May 30, 2006
Remanso to Versalles Canoe Trip Day 11
We got another early start today, unsure how far we'd have to go. We stopped briefly at a single house on the Bolivian side and ate lemons with the girl who was there. She told us that Puerto Federico was coming up in Bolivia in a few hours, but was unsure of what lie beyond. The morning was characterized by a thick fog which kept us cool, even though it greatly decreased visibility. Still, the river was straight enough that navigation wasn't an issue.
When we arrived in Puerto Federico, we were greeted by Federico himself. He founded the town ten years ago and humbly named it after himself. We collected oranges from one of his numerous trees and brought them back to his home to eat. Craig, Gabriel, and I all wanted to try cayman meat, so when Federico's son arrived, we decided to offer to exchange a kilo of sugar for the croc. There seemed to be some miscommunication, though, because he ran to the back of the hut and returned with a plate of three large piranhas. They weren't willing to trade the cayman for the sugar, but they would trade for the piranhas and give us the cayman for free. That worked for us.
We ironically left Puerto Federico with two of the most dangerous animals in the world, ready to be put into our gullets. While in the canoe, Craig chopped up and cooked the cayman with curried rice. Surprisingly, it tasted like chicken.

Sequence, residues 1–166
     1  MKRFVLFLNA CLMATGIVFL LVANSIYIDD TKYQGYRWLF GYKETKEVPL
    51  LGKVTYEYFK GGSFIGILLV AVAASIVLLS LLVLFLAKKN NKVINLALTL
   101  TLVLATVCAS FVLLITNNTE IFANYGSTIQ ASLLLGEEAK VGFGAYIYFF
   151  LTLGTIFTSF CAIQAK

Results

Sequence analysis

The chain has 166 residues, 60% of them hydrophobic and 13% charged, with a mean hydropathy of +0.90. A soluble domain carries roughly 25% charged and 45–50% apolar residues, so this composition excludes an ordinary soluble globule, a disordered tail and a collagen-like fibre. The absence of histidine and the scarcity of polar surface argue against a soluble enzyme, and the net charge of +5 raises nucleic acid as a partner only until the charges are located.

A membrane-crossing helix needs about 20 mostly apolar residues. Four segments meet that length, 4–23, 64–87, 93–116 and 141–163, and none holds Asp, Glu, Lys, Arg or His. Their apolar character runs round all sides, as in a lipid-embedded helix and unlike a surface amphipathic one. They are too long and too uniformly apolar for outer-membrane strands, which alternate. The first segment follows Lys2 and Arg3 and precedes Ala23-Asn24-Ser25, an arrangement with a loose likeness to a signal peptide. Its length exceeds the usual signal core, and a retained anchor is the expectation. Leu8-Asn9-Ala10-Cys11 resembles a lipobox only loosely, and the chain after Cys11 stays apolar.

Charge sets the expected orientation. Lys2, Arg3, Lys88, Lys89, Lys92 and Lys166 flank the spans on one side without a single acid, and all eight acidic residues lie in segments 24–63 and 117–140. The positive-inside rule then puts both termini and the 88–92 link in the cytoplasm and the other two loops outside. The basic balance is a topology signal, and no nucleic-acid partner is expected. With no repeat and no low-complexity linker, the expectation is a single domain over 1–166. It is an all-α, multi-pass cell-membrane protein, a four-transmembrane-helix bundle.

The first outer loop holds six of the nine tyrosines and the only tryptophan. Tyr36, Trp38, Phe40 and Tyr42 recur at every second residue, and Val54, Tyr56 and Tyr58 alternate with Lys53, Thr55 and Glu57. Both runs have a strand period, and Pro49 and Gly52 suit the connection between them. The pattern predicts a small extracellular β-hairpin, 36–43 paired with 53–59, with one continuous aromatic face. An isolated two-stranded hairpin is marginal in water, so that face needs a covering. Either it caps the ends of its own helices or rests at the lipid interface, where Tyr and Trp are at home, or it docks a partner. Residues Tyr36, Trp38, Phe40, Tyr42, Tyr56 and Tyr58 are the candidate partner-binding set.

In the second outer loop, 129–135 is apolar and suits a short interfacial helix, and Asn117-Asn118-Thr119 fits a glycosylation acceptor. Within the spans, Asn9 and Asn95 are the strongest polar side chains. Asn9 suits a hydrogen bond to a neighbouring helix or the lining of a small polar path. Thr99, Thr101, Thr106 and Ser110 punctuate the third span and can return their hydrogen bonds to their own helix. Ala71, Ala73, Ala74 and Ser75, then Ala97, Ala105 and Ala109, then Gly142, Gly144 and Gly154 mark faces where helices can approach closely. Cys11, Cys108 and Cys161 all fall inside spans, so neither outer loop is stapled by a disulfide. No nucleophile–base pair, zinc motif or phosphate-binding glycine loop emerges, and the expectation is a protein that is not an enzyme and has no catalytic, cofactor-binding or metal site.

We continued paddling the rest of the day, eleven hours in all. We knew there was some kind of estancia on the Brazilian side before Versalles, but we had no idea how much further it was until we finally saw it. When we pulled into the estancia, really just a small shack in a swampy area, the first thing we noticed was the mosquitoes. They were the worst we had seen on the trip so far. I only spent about five minutes outside the shack and the tent, but the mosquitoes acted quickly and accurately. Every inch of exposed or semi-exposed skin soon had bites on top of bites, and I haven't been able to stop scratching ever since.
I fried up the piranhas along with some rice on the wood stove in the shack. The fish were so delicious, not many extra spices were needed. Everyone else seemed impressed by the meal, but then again, I never told any of them that we didn't actually catch the fish.
After we finished eating, another group of campers started. One of them invited me to join in, so I had a second meal. The group was a bunch of pro fishermen, led by Jander Moro, who had his own fishing television program in Brazil. I couldn't believe the size of some of the fish he had caught in the river that day. The entire group was very generous, and we had a great time trading travel and fishing stories despite the mosquitoes.
Once again, we were told that we'd get to Versalles tomorrow, but this time we actually believed the people telling us. It's been eight days since we left Remanso in our canoe, and we have been in very high spirits lately. We can't wait to get to the party, and it's finally going to happen tomorrow.